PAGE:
NPR Follows The Herd On Milk Marketing Survey : NPR Public Editor Lighthearted reports spread a non-scientific poll result.

NPR Follows The Herd On Milk Marketing Survey

An Innovation Center for U.S Dairy report found that 7 percent of Americans think chocolate milk comes from brown cows, but a spokesperson says the survey was never intended to be scientific. Andreas Strauss / LOOK-foto/Getty Images/LOOK hide caption

toggle caption
Andreas Strauss / LOOK-foto/Getty Images/LOOK

An Innovation Center for U.S Dairy report found that 7 percent of Americans think chocolate milk comes from brown cows, but a spokesperson says the survey was never intended to be scientific.

Andreas Strauss / LOOK-foto/Getty Images/LOOK

If the number of media mentions is an indicator, the National Dairy Council and affiliated organization the Innovation Center for U.S. Dairy seemed to hit the equivalent of a marketing home run with a recent survey purporting to show that 7 percent of Americans believe chocolate milk comes from brown cows.

Good for them. I just don't think NPR should have played along.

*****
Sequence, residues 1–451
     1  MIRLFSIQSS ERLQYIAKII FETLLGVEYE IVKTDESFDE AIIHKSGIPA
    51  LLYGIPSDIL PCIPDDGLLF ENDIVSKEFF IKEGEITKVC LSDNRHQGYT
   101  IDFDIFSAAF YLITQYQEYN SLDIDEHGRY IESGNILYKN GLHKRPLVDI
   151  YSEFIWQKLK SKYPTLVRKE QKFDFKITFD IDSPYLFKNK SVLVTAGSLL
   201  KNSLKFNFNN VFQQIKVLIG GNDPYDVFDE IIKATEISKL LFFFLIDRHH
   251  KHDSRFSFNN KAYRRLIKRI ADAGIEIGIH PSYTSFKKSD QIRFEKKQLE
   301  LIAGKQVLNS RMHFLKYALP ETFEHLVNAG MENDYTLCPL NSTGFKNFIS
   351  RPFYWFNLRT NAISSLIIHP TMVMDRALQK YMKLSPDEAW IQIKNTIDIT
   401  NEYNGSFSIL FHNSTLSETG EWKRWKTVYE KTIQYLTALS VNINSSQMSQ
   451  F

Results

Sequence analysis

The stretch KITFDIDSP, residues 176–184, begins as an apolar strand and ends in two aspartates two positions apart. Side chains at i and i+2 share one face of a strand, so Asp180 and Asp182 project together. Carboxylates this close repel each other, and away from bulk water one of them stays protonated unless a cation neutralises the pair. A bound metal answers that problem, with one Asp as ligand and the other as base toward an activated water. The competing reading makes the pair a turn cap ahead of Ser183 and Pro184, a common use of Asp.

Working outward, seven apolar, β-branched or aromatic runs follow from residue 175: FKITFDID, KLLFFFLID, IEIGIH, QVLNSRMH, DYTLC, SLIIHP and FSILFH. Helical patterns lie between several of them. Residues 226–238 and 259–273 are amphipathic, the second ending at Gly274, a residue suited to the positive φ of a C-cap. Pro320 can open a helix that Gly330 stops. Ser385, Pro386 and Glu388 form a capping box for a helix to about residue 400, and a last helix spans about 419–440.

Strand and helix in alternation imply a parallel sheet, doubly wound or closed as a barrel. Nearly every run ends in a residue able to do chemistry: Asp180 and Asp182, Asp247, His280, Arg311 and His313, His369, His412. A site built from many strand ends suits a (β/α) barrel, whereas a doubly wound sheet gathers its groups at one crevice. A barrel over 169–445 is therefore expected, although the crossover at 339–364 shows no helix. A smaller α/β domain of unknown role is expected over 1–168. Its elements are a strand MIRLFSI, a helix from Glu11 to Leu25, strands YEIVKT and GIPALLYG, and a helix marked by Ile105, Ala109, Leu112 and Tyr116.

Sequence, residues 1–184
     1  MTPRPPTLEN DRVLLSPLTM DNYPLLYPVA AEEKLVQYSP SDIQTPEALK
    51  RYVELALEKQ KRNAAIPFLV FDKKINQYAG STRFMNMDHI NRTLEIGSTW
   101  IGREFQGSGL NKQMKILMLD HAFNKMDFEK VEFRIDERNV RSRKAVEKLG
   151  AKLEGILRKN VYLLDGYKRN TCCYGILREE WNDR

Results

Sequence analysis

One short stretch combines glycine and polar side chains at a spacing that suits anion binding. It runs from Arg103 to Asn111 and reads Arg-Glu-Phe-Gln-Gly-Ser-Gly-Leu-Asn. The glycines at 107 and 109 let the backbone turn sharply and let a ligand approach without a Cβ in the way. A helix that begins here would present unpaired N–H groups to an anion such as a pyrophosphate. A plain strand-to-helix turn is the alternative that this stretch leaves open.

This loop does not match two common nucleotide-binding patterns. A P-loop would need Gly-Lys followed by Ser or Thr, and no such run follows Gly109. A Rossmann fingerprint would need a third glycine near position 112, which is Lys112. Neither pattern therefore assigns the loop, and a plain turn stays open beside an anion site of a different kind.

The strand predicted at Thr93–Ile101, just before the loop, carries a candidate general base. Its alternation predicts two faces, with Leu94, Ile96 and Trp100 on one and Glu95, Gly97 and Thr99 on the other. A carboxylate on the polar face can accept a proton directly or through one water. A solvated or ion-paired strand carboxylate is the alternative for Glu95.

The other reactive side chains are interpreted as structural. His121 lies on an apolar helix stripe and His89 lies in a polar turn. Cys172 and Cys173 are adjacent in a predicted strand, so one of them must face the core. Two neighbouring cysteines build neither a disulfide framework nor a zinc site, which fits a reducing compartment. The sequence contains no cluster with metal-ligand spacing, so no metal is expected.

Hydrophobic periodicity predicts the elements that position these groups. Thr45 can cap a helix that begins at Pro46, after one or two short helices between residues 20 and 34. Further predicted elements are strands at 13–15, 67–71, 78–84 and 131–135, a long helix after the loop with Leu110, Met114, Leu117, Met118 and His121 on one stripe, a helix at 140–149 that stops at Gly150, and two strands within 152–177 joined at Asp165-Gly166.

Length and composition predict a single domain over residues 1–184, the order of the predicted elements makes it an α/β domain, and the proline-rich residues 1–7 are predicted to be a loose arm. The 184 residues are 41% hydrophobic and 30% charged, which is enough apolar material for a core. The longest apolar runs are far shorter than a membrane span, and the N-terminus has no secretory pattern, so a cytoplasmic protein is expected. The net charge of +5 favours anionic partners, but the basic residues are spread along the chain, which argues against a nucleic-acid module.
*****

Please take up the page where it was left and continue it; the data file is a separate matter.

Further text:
NPR was not the first to report on the "findings" of the survey. In early June, a brief USA Today piece also shared the surprising (and not terribly believable) statistic that 48 percent of Americans don't know where chocolate milk comes from, as did Food and Wine.

On the "Undeniably Dairy" marketing campaign website, "Dairy Good" had this to say about the survey in the comments:

The full survey currently isn't posted anywhere. The survey was conducted by Edelman Intelligence to kick off our Undeniably Dairy campaign on behalf of the Innovation Center for U.S. Dairy.

The purpose of the survey was to gauge some interesting and fun facts about consumers' perceptions of dairy, not a scientific or academic study intended to be published, yet the USA Today Snapshot's interest in the chocolate milk stats, and subsequent coverage of that, has brought on the attention.

While the study wasn't intended for public consumption, it is statistically valid. The study polled 1,000 American adults online between May 5 and May 9, 2017. Responses came from all 50 states, and the regional response breakdown was fairly even.

I asked the National Dairy Council for the study or at least the questions asked, and a spokeswoman had this response:

The intent of the survey was to be lighthearted and fun. We know people are confused about where their food comes from. Our ultimate goal is to find compelling ways to spark conversation about food and agriculture as the majority of us are generations removed from the farm. This was not a scientific or official market research piece and never was intended to be. This same lighthearted survey also showed that 43 percent of those surveyed would give up their social media channels for a year's supply of free ice cream.